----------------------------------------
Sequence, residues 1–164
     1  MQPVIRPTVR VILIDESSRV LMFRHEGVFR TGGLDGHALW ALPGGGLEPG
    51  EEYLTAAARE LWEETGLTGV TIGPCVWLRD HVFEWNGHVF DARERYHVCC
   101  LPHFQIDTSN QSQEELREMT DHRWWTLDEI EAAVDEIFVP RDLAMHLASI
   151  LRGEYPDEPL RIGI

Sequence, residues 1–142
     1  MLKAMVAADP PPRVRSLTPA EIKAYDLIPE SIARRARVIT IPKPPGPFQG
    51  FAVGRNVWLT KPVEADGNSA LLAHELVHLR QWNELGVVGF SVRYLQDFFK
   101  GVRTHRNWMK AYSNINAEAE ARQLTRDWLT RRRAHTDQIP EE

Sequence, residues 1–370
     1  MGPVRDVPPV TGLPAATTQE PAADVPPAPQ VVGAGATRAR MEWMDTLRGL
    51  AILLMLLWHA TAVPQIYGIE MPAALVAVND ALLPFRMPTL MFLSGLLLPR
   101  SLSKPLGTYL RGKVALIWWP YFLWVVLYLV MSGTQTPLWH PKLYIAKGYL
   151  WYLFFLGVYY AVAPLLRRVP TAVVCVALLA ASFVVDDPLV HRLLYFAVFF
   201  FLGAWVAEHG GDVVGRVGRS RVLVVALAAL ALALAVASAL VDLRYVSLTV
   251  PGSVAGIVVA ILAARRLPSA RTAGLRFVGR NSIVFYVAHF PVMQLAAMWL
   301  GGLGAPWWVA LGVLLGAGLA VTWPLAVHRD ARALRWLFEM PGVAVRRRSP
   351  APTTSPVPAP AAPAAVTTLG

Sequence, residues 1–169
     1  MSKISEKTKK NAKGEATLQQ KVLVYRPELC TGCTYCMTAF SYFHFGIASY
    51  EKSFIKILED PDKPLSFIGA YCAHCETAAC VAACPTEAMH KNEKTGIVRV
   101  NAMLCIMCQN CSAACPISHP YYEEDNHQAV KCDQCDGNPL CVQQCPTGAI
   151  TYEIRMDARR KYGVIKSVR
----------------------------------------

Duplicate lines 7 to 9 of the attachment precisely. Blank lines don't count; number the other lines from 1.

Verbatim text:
     1  MLKAMVAADP PPRVRSLTPA EIKAYDLIPE SIARRARVIT IPKPPGPFQG
    51  FAVGRNVWLT KPVEADGNSA LLAHELVHLR QWNELGVVGF SVRYLQDFFK
   101  GVRTHRNWMK AYSNINAEAE ARQLTRDWLT RRRAHTDQIP EE